As the copyright laws are quite contrary we can say that in state of content marketing copyright law is rather a good recommendation or a guideline. Show respect to your brand followers, care about your customers and share the content referring to the original authors.

Sharing content and authoring in social media

When the company follows the copyright law and uses their blog to distribute the content it’s easy to figure out the real author – domain owner or a specific worker. On the other hand, posting on social media channels like Facebook, Twitter, LinkedIn, Google+ etc. can create a lot of confusion around authoring.

When creating the account you must accept terms of service. When joining their service you must allow them to use the content you’ve crated by their will and business purposes. Moreover, you have no rights for your own content or for compensations.

“Hey Peter! Hot singles are waiting for you!”

Approving Facebook terms of services you agree that the content you post (that may be protected with any intellectual property rights) on Zuckerberg corporate website, you give Facebook “a non-exclusive, transferable, worldwide license royalties.”

This means that you give Facebook the right to convey, licence and use the content you created with absolutely no fees. It’s not a big deal for a housewife who posts her baby’s first steps on Facebook. But it is a big deal for professional photographers and content creators who wish to earn a living with their work.

Juridically, if Facebook wants, he could sell all the content you’ve created and posted on Facebook to third parties not paying you a penny. By the way, it’s already been done!

Citisebn Smith from Lychnburg USA visited his Facebook account on 2009 when an interesting ad appeared: “Hey Peter! Hot singled are waiting for you!”. Not only was Peter happily married but the photo that was used on the ad was about his wife. Third party software was using Facebook’s data and found a picture of Cheryl Smith that was used on the ad. Finally Facebook cancelled the advertising but they had no juridical responsibility to do so.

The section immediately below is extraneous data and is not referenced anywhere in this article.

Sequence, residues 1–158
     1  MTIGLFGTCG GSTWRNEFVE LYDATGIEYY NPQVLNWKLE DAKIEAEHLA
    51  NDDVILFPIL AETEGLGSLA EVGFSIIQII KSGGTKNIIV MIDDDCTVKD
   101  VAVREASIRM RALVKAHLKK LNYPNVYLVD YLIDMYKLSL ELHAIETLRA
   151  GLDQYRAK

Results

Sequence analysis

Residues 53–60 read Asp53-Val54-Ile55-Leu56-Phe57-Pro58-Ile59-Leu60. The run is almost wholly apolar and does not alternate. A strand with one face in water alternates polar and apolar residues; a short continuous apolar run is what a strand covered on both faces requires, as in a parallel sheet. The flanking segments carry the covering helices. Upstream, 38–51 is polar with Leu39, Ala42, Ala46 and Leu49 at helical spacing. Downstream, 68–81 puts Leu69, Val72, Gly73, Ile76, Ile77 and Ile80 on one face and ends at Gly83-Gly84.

How to protect the intellectual property on the internet?

There are various methods to protect the intellectual property with solutions that don’t allow copying – add watermarks to photos, presentations and other visual elements, add copyright sign to texts, prohibit copying in browsers (when someone tries to copy your content only URL address will appear) etc. These kinds of solutions are not fool proof but they might make some people to think that copying is a fraud.

When discovering copyright violation you must notify the publisher or the environment where the content is posted. Normally the application is looked through and with enough evidence the stolen copy is removed.

Of course, the publisher may object and claim the right of using the content referring to Fair Use and not remove the content. Fair Use is a juridical term that says that content protected with copyright may have limited use and in transformative purpose to republish without the permission of the author. If this should be the case, the service provider can upload your content and there is no other choice but to go to the court.

Conclusion

The copyright law protects the author but it’s far from perfect. That’s why it’s every business owner’s responsibility to educate their employees who deal with content marketing about the good practices of content creation and copyright law restrictions. A small mistake can have expensive consequences. If you have doubts about the copyright issues of some picture, text or video avoid using it or contact the author to ask permission to use it.